English names: Potato Wart Disease
Nordic names: Kartoffelbrok (DK), Perunasyöpä (FI), Potetkreft (NO), Potatiskräfta (SE)
Estonian name: Kartulivähk
Major host plants
Potatoes are the only cultivated host, but wild Solanum spp. can be infected.
Galls are produced on tuber initials and tubers, but not on the roots. In tubers, the eyes are infected; they develop into characteristic, warty, cauliflower-like protuberances. The galls vary from pea-size up to 8 cm in diameter; they are initially whitish or green if exposed to light, but gradually darken and eventually rot and disintegrate. The whole tuber may be entirely replaced by the warty proliferation. Similar warts occur on stem basis and stolons.
Aerial symptoms are not usually apparent, although there may be a reduction in plant vigour. Small greenish warts may form in the position of the aerial buds at the stem. Leaves may also be attacked.
S. endobioticum originates in South America, from where it was introduced into Europe in the 1880s. It spread widely in Europe, but statutory measures finally restricted its distribution and it has spread only to a limited extent to other parts of the world.
A map can be downloaded from EPPO's website. See instructions here.
The disease is favored by cool, wet soils. The fungus produces sporangia containing 200-300 motile zoospores. In the spring, at temperatures above 8°C and sufficient moisture, the long-lived winter sporangium in decaying warts germinates and releases zoospores in the soil. The zoospores are able to move in soil water and reach and invade the living host. The host cells become enlarged and the enclosed fungus forms a short-lived summer sporangium, from which numerous zoospores are rapidly dispersed. The zoospores reinfect the surrounding cells which again produce summer sporangia. Warts are formed when the tissue are stimulated to divide and enlarge.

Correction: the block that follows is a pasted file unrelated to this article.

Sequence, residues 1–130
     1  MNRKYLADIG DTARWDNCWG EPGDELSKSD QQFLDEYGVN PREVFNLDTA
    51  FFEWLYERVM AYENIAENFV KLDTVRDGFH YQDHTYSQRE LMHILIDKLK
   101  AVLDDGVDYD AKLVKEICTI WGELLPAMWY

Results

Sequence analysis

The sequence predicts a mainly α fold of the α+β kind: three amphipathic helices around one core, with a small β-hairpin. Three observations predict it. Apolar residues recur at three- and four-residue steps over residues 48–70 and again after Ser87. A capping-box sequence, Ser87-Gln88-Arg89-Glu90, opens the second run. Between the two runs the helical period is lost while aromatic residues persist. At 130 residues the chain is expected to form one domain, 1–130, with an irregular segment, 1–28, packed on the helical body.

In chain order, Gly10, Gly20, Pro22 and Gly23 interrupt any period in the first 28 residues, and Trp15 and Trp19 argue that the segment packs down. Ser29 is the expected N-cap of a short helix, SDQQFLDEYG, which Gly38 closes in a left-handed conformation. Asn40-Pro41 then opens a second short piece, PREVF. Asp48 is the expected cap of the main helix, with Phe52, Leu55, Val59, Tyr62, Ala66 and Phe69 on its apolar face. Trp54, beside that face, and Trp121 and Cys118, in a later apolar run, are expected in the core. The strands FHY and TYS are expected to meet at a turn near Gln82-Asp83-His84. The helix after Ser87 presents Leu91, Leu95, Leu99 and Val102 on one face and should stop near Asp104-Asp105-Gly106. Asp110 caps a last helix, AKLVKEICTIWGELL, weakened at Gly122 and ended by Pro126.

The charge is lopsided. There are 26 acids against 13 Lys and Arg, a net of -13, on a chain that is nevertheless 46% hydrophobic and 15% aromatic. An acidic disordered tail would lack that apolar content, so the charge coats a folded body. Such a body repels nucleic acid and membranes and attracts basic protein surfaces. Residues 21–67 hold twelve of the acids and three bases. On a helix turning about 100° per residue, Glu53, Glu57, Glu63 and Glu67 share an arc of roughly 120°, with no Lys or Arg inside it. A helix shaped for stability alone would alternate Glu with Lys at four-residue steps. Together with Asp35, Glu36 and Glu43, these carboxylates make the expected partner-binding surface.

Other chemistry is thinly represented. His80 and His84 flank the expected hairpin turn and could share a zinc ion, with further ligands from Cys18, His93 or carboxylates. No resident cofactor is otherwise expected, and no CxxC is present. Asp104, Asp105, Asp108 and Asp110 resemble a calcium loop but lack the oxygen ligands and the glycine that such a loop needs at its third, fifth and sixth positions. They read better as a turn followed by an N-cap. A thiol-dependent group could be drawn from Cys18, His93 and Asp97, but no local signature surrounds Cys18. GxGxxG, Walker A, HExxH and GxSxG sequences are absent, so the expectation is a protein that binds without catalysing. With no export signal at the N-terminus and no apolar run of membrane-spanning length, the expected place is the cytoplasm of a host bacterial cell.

Under certain conditions of stress, such as water shortage, the zoospores may transform within the host cell to the resistant, thick-walled resting sporangium. This matures and is released into the soil from rotting warts. Resting sporangia can remain viable for at least 30 years and are found at depths of up to 50 cm.
Many pathotypes (strains) of the fungus exist, defined by their virulence on differential potato cultivars.
S. endobioticum has a very limited capacity for natural spread. The pathogen is primarily carried in infected potato tubers or in soil. The sporangia resist digestion by animals, and can thus be spread in faeces.
Detection and inspection
Symptoms associated with Potato Wart Disease may appear similar to some of the symptoms caused by Powdery Scab (Spongospora subterranea f. sp. subterranea), Potato Smut (Thecaphora solani), and ‘Pseudo-wart,’ a proliferation of eyes that may be a physiological or varietal response or, alternatively, induced by chemical factors. Full confirmation of Potato Wart Disease requires a laboratory diagnosis.
Pest status and importance
Potato Wart Disease was the most serious disease in potatoes and quarantine legislations have been in force for nearly 100 years throughout the world. Once the pathogen has been introduced into a field, the whole crop may be unmarketable; moreover the fungus is so persistent that potatoes cannot be grown again for many years, nor can the land be used for any plants intended for trade and export.
Pathotype 1 is controlled by use of resistant cultivars. New pathotypes of the fungus, capable of attacking potato varieties that were previously resistant, have developed in several European countries. It is most important to prevent the spread of these new pathotypes.
Source of information
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Author: Jorma Räutapaa